New toolkit helps pharmacists increase access to COVID-19 vaccinations

Published on May 24, 2022

Pharmacists and other vaccine providers have played a major role in the fight against COVID-19. However, many Iowans who are eligible to receive the vaccine have not yet been vaccinated, including people who face barriers to accessing to the vaccine or those who lack confidence in or fear vaccination.

A new online toolkit, “Pharmacists’ Guide to Increasing Equitable Access to COVID-19 Vaccines,” gives vaccine providers the knowledge, strategies, and resources needed to address the factors inhibiting vaccine access and confidence.

The free toolkit includes an in-depth publication, videos, and supplemental resources. It focuses on issues relevant to rural and micropolitan (urban areas with a population of at least 10,000 but fewer than 50,000 people) communities in Iowa. The resources can be used by pharmacists as well as other vaccine providers, administrative staff, public health departments, or anyone else supporting the effort for vaccine equity.

cover of Pharmacists' Guide to Increasing Equitable Access to COVID-19 Vaccines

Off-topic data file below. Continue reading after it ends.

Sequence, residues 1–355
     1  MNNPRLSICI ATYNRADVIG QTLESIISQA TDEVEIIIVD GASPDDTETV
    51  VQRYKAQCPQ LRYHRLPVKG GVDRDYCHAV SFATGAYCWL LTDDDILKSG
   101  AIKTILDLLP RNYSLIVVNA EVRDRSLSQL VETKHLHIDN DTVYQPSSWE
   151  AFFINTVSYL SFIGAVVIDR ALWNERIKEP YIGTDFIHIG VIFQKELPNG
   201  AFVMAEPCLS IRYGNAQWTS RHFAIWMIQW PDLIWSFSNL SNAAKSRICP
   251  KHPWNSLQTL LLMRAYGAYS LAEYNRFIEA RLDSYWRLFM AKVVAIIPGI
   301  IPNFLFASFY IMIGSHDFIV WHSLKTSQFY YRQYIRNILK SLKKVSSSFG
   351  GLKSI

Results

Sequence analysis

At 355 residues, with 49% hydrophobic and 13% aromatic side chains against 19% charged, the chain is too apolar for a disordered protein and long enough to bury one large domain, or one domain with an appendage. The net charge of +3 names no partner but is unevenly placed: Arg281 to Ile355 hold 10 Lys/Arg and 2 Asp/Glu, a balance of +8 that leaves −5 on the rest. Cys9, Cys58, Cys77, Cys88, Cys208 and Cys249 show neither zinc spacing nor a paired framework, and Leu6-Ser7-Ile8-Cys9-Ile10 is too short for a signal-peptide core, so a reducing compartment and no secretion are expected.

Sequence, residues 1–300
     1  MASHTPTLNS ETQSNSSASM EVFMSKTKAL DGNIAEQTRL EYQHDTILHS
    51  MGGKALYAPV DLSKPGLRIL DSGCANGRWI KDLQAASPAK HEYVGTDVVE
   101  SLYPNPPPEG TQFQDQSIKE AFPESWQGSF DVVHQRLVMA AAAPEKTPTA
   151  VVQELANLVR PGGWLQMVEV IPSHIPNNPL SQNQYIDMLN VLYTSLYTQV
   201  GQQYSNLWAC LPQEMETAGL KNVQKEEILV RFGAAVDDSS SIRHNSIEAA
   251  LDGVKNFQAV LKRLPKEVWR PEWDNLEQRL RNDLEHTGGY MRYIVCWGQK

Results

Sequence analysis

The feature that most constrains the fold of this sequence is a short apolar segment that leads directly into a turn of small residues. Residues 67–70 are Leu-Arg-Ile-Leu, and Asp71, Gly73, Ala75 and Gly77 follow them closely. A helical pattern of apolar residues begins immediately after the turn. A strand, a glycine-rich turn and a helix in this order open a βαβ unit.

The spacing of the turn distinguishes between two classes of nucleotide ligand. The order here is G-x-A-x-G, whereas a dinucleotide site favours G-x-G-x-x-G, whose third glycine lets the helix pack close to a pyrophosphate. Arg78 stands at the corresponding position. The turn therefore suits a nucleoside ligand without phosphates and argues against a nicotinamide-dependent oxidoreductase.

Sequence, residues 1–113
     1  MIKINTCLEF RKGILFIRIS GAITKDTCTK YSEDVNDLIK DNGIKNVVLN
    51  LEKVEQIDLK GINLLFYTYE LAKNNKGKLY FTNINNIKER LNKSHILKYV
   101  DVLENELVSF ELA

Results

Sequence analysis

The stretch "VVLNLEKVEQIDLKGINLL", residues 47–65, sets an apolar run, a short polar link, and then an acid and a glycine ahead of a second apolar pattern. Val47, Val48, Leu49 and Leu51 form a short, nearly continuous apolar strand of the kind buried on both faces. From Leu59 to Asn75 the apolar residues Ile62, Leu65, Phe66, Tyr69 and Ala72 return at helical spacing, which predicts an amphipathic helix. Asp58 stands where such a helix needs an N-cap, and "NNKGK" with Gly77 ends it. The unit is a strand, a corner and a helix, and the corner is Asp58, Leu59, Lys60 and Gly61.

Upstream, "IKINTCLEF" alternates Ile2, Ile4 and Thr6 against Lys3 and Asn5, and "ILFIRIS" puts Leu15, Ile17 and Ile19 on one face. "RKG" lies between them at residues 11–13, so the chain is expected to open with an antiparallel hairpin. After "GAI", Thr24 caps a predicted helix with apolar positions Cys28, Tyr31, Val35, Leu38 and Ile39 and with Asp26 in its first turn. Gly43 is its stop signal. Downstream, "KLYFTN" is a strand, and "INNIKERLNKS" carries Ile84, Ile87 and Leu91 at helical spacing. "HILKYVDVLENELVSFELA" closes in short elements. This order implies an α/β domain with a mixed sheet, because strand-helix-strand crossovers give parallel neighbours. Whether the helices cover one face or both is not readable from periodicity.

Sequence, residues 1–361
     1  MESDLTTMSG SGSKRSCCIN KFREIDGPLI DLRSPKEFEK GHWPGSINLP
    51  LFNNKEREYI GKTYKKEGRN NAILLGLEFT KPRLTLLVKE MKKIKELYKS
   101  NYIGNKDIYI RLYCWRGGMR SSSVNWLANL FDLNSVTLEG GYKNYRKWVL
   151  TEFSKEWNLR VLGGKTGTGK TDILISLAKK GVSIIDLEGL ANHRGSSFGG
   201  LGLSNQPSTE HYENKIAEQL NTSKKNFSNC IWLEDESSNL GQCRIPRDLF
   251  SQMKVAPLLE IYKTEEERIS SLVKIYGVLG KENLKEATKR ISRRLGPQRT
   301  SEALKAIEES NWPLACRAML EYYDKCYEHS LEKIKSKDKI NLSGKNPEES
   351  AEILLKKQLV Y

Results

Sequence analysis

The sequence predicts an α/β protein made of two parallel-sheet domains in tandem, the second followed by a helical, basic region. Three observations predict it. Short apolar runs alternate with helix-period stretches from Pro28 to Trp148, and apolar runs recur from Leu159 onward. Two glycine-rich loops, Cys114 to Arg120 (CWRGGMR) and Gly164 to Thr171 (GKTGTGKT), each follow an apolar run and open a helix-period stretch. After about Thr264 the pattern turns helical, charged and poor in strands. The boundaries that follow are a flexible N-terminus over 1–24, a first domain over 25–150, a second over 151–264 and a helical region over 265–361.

The objectives of the toolkit are for users to:

1. Communicate that COVID-19 vaccines are free of charge to all people living in the U.S., regardless of immigration or health insurance status.

2. Identify stressors and ongoing access issues around vaccination for socially vulnerable populations.

3. Know the documents that can be requested but are not required for an individual to receive a vaccine.

The toolkit was developed by the University of Iowa Prevention Research Center for Rural Health (UI PRC-RH) in partnership with Iowa Immunizes, Iowa Public Health Association, and Iowa Pharmacy Association.

“It’s so important that once someone makes the decision to get vaccinated, they don’t face any barriers to getting vaccinated,” says Nikki Gauthreaux, a research assistant with the UI PRC-RH. “This can affect how people make future decisions about vaccines or medical care in general. We are especially concerned about people who might have limited English proficiency, have a disability, or don’t have health insurance or U.S. identification.”

All of the materials can be accessed on the UI Prevention Research Center for Rural Health website: